Brought to you today by the letter ‘r‘. It is remarkable what a difference one letter can make in the meaning of a word? My previous post was on the subject of phrenology. Or, how to tell personality by the shape of the skull. That was the claim.
This post is on a topic very different. But, the word for it only differs by the single letter ‘r‘. This one is about ph
enology. Or, the study of cyclic and seasonal natural phenomena especially in relation to climate and plant and animal life.
Our home has a wooded area directly behind it to the west. From our living room and deck, we are able to observe the climate and plant and animal life year round. We note certain things each year. We look forward to seeing them again. Sometimes we note on the calendar when that event occurred. The cyclic and predictable quality of nature is usually a comfort. This is a source for several of our Out the Back Window posts here and in Our View From Iowa.
Phenology is derived from the Greek word phaino meaning to show or appear. The timing of phenological events is important for several good reasons. Among them…
- Emergence of allergens and infectious diseases
- Timing of wildflower displays and fall colors
- Planting and harvest times and pest control
- Management of natural resources
- Understanding the migration habits of various species
- Conservation of plants and animals
Phenology can be thought of as a field of citizen science involvement with the natural world around us. We can each participate in different ways. Some of us are casual observers of our backyard and neighborhoods. We rely on our memories of our surroundings over the years. Some of us are more systematic about it and have log books of notations going back for years. All of us are paying attention to the cycles of life. If you would like to be more involved and contribute your observations to those of others, this USA National Phenology Network website might be a good fit for you.
There are several ways to participate. Learn how to observe plant and animal phenology. Contribute new observations of your own.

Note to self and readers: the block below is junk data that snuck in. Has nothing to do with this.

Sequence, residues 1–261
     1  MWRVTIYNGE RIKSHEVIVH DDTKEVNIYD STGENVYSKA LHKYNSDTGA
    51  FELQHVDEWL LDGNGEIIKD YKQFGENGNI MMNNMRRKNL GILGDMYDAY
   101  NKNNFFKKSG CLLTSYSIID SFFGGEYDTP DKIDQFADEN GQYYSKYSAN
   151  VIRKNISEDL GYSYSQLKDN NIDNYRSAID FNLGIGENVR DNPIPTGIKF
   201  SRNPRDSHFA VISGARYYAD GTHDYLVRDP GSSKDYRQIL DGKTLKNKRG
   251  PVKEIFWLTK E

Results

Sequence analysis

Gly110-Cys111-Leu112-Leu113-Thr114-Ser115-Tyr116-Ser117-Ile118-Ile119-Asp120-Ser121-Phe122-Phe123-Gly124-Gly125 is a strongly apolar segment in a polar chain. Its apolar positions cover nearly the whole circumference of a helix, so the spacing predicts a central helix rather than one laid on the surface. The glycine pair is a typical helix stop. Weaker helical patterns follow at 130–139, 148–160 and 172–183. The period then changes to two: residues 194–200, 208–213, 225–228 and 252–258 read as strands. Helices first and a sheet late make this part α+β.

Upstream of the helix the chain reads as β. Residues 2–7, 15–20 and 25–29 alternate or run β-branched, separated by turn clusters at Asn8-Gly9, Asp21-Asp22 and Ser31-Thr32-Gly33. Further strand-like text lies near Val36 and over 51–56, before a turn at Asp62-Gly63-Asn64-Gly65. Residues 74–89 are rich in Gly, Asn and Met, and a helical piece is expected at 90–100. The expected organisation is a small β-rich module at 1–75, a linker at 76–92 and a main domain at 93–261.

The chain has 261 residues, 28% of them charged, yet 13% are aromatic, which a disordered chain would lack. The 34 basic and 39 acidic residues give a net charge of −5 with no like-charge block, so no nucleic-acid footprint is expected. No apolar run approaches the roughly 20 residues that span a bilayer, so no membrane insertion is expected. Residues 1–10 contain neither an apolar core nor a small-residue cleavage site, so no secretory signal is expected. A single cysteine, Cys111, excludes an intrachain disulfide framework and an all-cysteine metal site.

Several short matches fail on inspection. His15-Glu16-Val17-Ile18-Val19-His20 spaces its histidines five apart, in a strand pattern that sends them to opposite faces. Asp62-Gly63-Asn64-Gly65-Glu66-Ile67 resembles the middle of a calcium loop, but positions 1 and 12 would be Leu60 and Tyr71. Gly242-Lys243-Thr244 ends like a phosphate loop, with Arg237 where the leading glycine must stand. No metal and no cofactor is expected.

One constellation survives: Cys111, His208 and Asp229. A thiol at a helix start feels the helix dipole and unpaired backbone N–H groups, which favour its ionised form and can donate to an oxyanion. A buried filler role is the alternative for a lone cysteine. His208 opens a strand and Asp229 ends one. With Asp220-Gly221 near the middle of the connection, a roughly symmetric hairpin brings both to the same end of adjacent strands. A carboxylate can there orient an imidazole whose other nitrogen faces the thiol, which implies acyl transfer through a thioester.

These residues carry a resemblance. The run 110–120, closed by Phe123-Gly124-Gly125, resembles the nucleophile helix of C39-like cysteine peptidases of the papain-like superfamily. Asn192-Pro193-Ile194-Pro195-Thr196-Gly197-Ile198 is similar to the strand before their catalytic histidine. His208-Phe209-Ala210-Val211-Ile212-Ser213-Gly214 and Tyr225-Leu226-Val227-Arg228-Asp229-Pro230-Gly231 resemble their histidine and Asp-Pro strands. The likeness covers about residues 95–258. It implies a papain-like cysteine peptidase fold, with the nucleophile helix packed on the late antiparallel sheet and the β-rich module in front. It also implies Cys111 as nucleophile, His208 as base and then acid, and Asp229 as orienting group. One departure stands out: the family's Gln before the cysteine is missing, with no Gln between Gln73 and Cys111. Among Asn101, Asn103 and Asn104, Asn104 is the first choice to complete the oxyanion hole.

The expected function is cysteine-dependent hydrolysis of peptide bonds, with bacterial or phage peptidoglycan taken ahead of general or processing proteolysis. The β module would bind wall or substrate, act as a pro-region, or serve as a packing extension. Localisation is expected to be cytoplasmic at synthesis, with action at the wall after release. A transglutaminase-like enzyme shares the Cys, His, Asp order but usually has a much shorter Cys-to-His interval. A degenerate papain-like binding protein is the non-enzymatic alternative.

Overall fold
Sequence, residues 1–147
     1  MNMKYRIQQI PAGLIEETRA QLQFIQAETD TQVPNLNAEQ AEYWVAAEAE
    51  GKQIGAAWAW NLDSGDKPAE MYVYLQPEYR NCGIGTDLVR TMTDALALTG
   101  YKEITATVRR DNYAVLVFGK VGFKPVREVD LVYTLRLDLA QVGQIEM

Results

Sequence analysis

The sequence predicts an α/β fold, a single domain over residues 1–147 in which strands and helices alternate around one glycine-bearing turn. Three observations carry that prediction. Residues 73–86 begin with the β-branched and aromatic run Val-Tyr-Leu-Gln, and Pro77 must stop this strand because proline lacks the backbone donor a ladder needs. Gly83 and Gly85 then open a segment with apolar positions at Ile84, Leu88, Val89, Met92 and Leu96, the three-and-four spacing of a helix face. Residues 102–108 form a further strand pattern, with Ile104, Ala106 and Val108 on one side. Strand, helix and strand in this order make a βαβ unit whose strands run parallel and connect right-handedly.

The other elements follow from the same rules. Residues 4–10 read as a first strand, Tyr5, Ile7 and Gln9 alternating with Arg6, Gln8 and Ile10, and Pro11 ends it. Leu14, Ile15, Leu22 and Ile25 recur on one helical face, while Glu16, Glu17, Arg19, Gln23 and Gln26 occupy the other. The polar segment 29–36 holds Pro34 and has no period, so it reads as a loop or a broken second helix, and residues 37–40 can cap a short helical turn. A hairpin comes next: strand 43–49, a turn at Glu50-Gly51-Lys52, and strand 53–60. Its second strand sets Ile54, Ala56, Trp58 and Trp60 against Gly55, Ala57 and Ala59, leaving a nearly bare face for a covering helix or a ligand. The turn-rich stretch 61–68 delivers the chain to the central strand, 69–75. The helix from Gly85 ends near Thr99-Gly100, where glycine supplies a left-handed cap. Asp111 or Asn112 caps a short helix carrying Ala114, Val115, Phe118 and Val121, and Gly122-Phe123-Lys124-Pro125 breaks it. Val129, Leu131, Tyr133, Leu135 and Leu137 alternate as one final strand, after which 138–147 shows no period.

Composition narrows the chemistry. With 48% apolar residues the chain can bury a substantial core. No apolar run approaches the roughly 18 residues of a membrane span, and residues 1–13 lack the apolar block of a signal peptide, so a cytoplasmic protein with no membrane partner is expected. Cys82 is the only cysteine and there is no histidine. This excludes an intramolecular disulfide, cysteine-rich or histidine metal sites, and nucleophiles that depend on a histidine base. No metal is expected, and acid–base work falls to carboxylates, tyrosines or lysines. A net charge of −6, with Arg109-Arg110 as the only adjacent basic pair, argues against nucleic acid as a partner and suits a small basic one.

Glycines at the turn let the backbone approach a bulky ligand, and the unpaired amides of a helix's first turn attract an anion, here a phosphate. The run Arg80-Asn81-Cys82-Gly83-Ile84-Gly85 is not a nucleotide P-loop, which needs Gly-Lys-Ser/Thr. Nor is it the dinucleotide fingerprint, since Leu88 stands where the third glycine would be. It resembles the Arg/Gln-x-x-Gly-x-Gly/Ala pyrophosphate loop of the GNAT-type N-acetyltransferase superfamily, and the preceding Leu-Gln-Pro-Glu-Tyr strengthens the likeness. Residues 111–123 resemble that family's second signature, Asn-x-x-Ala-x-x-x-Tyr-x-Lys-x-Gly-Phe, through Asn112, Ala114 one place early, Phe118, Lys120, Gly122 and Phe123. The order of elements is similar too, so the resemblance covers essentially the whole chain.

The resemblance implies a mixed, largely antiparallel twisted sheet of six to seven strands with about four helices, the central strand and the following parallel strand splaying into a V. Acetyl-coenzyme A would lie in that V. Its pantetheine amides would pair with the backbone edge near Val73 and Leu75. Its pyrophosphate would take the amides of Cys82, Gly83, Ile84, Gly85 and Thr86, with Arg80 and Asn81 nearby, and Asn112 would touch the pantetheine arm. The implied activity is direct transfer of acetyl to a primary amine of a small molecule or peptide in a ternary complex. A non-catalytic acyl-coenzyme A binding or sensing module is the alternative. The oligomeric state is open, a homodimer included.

Share your records of phenological data for plants or animals. Maybe you have the records of someone else. Make that information available through the website.
Rescue historical birding data. The North American Bird Phenology Program has six million index cards being scanned and transcribed by volunteers.
The North American Bird Phenology Program, part of the USA-National Phenology Network, was a network of volunteer observers who recorded information on first arrival dates, maximum abundance, and departure dates of migratory birds across North America. Active between 1880 and 1970, the program was coordinated by the Federal government and sponsored by the American Ornithologists’ Union. It exists now as a historic collection of six million migration card observations, illuminating almost a century of migration patterns and population status of birds. Today, in an innovative project to curate the data and make them publically available, the records are being scanned and placed on the internet, where volunteers worldwide transcribe these records and add them into a database for analysis.
As you can see, this site alone offers many opportunities for citizen scientists to contribute. It can be a small or a large investment in time and energy. You get to decide. I hope this inspires you to go outside and do what you can to record the events around you.
Thank you for reading.